Malika mourns her son Ahmad Rahman, who was abducted in front of witnesses in 2016. Bryan Denton for The New York Times

America’s monster

By Azam Ahmed

I covered the war in Afghanistan and went back after the Taliban took over.

General Abdul Raziq was one of America’s fiercest allies in the fight against the Taliban. He was young and charismatic — a courageous warrior who commanded the loyalty and respect of his men. He helped beat back the Taliban in the crucial battlefield of Kandahar, even as the insurgents advanced across Afghanistan.

But his success, until his 2018 assassination, was built on torture, extrajudicial killing and abduction. In the name of security, he transformed the Kandahar police into a combat force without constraints. His officers, who were trained, armed and paid by the United States, took no note of human rights or due process, according to a New York Times investigation into thousands of cases that published this morning. Most of his victims were never seen again.

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The Middle East, Land Disputes, and Religious History

by Zaman Stanizai

The entire Middle East region that bridges three continents has historically been defined by change: changing people, politics, religious ideas and ideologies. People with power have come and gone, but the land remains and still presents the international community with one of its most challenging conflicts.

For centuries Jerusalem has been an interfaith, intercultural, and international city where different faith communities have converged, comingled, and coexisted in relative peace. This diversity and inclusivity are characterized by such landmarks as the site of King Solomon’s First Temple, the Church of the Holy Sepulcher, and the golden Dome of the Rock in the centuries-old mosaic of Jewish, Christian, Armenian, and Muslim quarters that constitute the city of Jerusalem to this day.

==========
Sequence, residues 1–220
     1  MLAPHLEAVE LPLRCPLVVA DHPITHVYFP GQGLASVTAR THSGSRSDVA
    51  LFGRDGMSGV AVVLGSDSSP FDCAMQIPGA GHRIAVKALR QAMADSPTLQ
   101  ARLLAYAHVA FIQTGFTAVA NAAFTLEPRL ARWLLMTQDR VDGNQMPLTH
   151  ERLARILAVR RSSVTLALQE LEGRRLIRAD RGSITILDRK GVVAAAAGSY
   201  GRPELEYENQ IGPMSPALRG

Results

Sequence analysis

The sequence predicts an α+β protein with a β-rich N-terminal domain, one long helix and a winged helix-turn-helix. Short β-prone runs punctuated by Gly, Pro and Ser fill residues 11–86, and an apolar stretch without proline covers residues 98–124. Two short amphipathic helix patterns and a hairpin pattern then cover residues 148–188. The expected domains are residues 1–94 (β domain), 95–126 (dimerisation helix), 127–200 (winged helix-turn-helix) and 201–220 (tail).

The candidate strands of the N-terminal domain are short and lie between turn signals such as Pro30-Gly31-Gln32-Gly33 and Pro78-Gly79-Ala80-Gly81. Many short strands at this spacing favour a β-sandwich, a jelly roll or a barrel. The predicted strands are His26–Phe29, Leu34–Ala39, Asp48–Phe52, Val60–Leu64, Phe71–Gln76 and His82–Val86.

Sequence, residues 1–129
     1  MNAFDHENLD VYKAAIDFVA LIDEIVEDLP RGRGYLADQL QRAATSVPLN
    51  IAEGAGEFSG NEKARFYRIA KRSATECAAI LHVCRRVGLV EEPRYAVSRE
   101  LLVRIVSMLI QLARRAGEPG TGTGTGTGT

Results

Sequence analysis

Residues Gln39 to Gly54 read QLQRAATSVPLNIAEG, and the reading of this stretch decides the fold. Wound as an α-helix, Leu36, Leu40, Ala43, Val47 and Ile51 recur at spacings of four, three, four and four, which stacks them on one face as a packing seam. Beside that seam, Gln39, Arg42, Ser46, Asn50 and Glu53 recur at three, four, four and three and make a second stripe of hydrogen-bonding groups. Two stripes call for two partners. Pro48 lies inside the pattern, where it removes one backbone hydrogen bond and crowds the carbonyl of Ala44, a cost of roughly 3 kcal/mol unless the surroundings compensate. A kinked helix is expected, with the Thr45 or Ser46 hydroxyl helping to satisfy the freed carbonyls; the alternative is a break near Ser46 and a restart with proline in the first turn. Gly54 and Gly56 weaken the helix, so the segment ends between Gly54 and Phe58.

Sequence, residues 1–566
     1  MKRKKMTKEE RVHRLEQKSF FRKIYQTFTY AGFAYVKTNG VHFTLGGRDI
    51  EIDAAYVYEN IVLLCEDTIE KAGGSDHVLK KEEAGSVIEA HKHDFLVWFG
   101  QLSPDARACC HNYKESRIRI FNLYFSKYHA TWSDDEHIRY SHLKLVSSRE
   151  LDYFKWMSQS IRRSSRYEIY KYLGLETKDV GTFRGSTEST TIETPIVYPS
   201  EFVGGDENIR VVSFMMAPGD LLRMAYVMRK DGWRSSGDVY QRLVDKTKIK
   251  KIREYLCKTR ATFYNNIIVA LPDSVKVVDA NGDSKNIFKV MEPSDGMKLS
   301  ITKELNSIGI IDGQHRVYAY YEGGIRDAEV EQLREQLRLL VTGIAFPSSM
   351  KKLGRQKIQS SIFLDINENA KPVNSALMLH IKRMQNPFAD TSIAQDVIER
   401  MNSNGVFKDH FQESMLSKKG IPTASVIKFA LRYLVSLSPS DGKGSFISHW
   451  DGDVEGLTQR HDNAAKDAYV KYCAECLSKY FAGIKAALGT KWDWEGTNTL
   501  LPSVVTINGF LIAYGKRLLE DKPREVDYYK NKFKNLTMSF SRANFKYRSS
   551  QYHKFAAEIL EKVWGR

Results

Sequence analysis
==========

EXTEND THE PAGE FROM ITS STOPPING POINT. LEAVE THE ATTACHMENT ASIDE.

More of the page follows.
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The Allure and Predicaments of Federalism for Developing Countries

By Zaman Stanizai

Norms of international diplomacy recognize ‘nation-states’ as of equal standing. In reality, however, many of these states are not necessarily nation-states, and the disparity in the size of their territory and population, as well as the incomparability of their economic strength, political influence, and military power, speaks loud and clear. It’s hard to compare China with Chad, Nauru with Nigeria, or India with San Marino. With this one-size-fits-all definition of a nation-state, large super-states project way more economic and political power around the world than smaller nations that try to compensate for these disparities by forming larger coalitions, alliances, or federal or confederal unions. Attempts at forming such unions, however, are not always successful. This paper discusses the success of federalism in advanced Western societies contrasting with its failure in developing countries. We will try to identify reasons for such failures in political culture, social dynamics, and global powerplay, and suggest remedial solutions.

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In Khayyam's Tent:A Short Story of a Different Genre

By Zaman Stanizai

With the fall from heaven humanity sank into estrangement, with the death of gods we became spiritually alienated in a strange world, but with the disappearance of the heavens, nothing remains beyond the grasp of our perception. In this continuously shrinking reality, the macrocosm of possibilities within each human being faces even greater challenges to make sense of what our senses cannot grasp.

Contemplation in the depth of these realities had taken me away in the ecstasy of their joyous perplexity as I had unknowingly risen to my feet that carried me wandering beyond the realm of time and place. I met my senses again only when I felt raindrops running down my cheeks pretending to be tears of joy. An early evening light drizzle was pouring forth its omen of mercy.

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